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Bucs’ tight end Saferian-Jenkins finally returns to field

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Finally, he was a football player again.

Finally, he wasn’t just an observer.

Tampa Bay Bucs’ tight end Austin Seferian-Jenkins returned the football field Sunday after nine weeks off from a shoulder injury. It was as if the color had returned to his world. He caught three passes for 31 yards and played in the team’s comeback victory over Atlanta.

“I was just super excited to get out there and play,” Seferian-Jenkins said. “Football is what I love. I love to be around these guys, help support these guys in any way that I can. Being out on the football field was a big step to doing that. I was a little rusty out there, a little anxious, pressed a little too much, but I was very happy to be out there and very happy to do whatever I could to help.”

Going into the season, the receiver group was supposed to be one of the offense’s biggest strengths with receivers Mike Evans, Vincent Jackson and Saferian-Jenkins. But injuries, and inconsistent play by Evans, have plagued the team throughout.

Going into the final month, however, the Bucs are whole again.

“No one wants to play more than Austin,” said offensive coordinator Dirk Koetter. “If you ever watched Austin in those games when he was hurt on the sideline he’s the No. 1 cheerleader out there. I just know personally from my own conversations with him, that guy really missed playing, he wanted to play. He was coaching Tevin Westbrook, our tight end on the practice squad. Austin has been coaching him up. Then when you actually get in the game, your heart is pumping and your adrenaline is going. Austin was a little bit rusty.

“He looked like a guy that hadn’t played in nine weeks. You take nine weeks off – Practice is practice and game-speed in the NFL is game-speed. Then he took that shot. That was a good shot William Moore put on him. I was a little nervous when he kind of popped up, but he hung in there. He played 20-something plays and I’m sure that number will continue to grow from here on.”

Seferian-Jenkins was out long enough that fans started to wonder about his durability. But quarterback Jameis Winston said that Saferian-Jenkins was itching to get back. Saferian Jenkins had been out since the first game against the New Orleans Saints.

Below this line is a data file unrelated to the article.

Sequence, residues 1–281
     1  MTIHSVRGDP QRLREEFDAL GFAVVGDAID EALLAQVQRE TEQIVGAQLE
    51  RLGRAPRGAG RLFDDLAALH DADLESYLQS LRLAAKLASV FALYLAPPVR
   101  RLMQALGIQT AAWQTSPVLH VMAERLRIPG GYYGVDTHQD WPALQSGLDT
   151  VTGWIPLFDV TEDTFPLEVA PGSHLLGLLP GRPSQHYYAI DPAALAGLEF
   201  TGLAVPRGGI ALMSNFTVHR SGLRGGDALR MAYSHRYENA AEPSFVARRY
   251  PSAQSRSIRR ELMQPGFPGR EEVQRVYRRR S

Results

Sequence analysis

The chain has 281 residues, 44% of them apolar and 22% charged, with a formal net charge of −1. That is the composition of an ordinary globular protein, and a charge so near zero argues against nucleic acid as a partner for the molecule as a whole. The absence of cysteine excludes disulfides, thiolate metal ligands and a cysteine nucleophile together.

“The first two weeks were big weeks for Austin,” Winston said. “His locker is right next to mine, so this last week he was excited. He always goes to practice, but this week before practice Austin had his pants, his jersey, his helmet, his pads all laid out in front of his locker. He had to take at least four showers throughout the whole day. He got in the hot tub at least six times. I don’t know, he probably found a way to get in the hot tub during practice. He was just so ready, he was so anxious and it showed. He came out wanting the ball. He had a big day for us.

“That (initial) shot was a welcome back for Austin. He caught that shot – he ate it, too. Will Moore put it on him, but he ate it, he got back up like, ‘Let’s go.’ He was excited.”

 Bucs’ coach Lovie Smith said he wished Saferian-Jenkins had been playing, but praised his attitude while out.

“I don’t know if I’ve seen a player handle an injury as well as he did – staying in the game,” Smith said. “As you watch our game, he is visible. Sometimes it just calls for you to be a cheerleader, support your teammates. He did that throughout. I know no one stayed into the game plan as much as he did – each day in practice having a script, getting a mental rep. I think he did about all you can do being an injured player for him to come back. It’s not like he got in this game and had a bunch of mental breakdowns. He didn’t. Now it’s about that next step for him. We keep saying he’s going to be a great football player when he’s on the football field and we have him back out there.”

Gary Shelton is one of the most recognized and honored sportswriters in the history of the state. He has won the APSE's national columnist of the year twice and finished in the top 10 eight times. He was named the Florida Sportswriter of the Year six times. Gary joined SaintPetersBlog in the spring, helping to bring a sports presence to the website. Over his time in sports writing, Gary has covered 29 Super Bowls, 10 Olympics, Final Fours, Masters, Wimbledons and college national championships. He was there when the Bucs won a Super Bowl, when the Lightning won a Stanley Cup and when the Rays went to a World Series. He has seen Florida, FSU and Miami all win national championships, and he covered Bear Bryant, Bobby Bowden and Don Shula along the way. He and his wife Janet have four children: Eric, Kevin, K.C. and Tori. To contact, visit

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